Three hundred and thirty-three rhinos were killed in South Africa last year, the highest number yet. Ten of the rhino were black rhinos, which are listed as Critically Endangered by the IUCN Red List, the rest were white rhinos, listed as Near Threatened. In total South Africa has over 20,000 rhinos.
The record level of poaching is being committed by well-equipped criminal networks. In South Africa, poachers are employing helicopters, night-vision, tranquilizers, and weapons fitted with silencers often allowing them to drug a rhino, cut off its horn, and leave it to bleed to death from the wound before it is found.
“Only a concerted international enforcement pincer movement, at both ends of the supply and demand chain, can hope to nip this rhino poaching crisis in the bud,” said Tom Milliken, Director of TRAFFIC’s East and Southern Africa program, in a news release.
Rhino poaching has a human toll as well. Both poachers and park rangers, who defend the animals, have lost lives. Last week five suspected rhino poachers were killed in South Africa’s largest park, Kruger, during a shootout with the nation’s elite police force. Three suspects got away.
Rhinos are primarily being poached for an illegal and booming trade in Asia. Powdered rhino horn is used in traditional Asian medicine, although there is no scientific evidence that the horns contain any curative elements. Fueled by a trade that is both illegal and underground, last year it was estimated that one kilo of rhino horn was worth approximately $60,000, nearly $20,000 more than a kilo of gold.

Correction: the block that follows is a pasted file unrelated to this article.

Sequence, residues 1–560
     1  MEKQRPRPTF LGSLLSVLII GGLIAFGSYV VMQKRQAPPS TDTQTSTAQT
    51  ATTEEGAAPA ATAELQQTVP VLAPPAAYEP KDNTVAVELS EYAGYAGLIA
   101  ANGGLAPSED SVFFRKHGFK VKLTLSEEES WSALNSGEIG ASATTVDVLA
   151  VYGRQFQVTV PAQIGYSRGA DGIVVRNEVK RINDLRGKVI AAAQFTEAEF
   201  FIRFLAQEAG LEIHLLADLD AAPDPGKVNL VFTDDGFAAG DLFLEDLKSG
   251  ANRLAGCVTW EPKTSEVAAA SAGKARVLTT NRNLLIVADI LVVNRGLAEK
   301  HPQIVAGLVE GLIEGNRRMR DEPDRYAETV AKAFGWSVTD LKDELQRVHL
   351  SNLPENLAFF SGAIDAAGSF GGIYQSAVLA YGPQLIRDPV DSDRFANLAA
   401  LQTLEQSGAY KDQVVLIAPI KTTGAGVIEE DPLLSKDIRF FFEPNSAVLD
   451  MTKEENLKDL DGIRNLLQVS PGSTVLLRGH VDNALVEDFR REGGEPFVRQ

Poaching, along with habitat loss, has pushed four of the world’s five rhino species toward extinction, three of these species are considered Critically Endangered, including Africa’s black rhinoceros, of which around 4,000 survive. Asia’s rhinos are even worse off: there are less than 50 adult Java rhinos in the world and less than 250 adult Sumatran rhinos.
A black rhino is Kenya. Photo by: Rob Roy.
(11/10/2010) The illegal trade in rhino horn doesn’t just end in the deaths of thousands of rhinos. Humans, too, often lose their lives in the trade. Both those poaching rhinos and those protecting them, such as park rangers, have been killed in gun battles. But the trade ruins lives in many ways: yesterday, Tommy Fourie, 51, who allegedly sold 36 rhino hunters to a game farmer, shot himself with a hunting rifle in South Africa.
(07/28/2010) Given the epidemic of rhino poaching across Africa and Asia, which has placed four out of five species in jeopardy of extinction, one fed-up game manager wants to take the fight beyond the poachers to the consumer. Ed Hern, owner of the Lion and Rhino Park near Johannesburg, told South Africa’s The Times that he has begun working with a veterinarian on injecting poison into a rhino’s horn to consumers. He told The Times that people who consumed poisoned rhino horn “would get very sick or die”.
(07/02/2010) Despite a number of scientific studies showing that rhino horn has no curative properties, supermodel, entrepreneur, and recent host of Britain’s Next Top Model, Elle Macpherson, says she ingests powdered rhino horn because: ‘[it] works for me’. In an interview with The Sunday Times via Twitter, Elle Macpherson says the illegal substance tastes like ‘crushed bone and fungus’.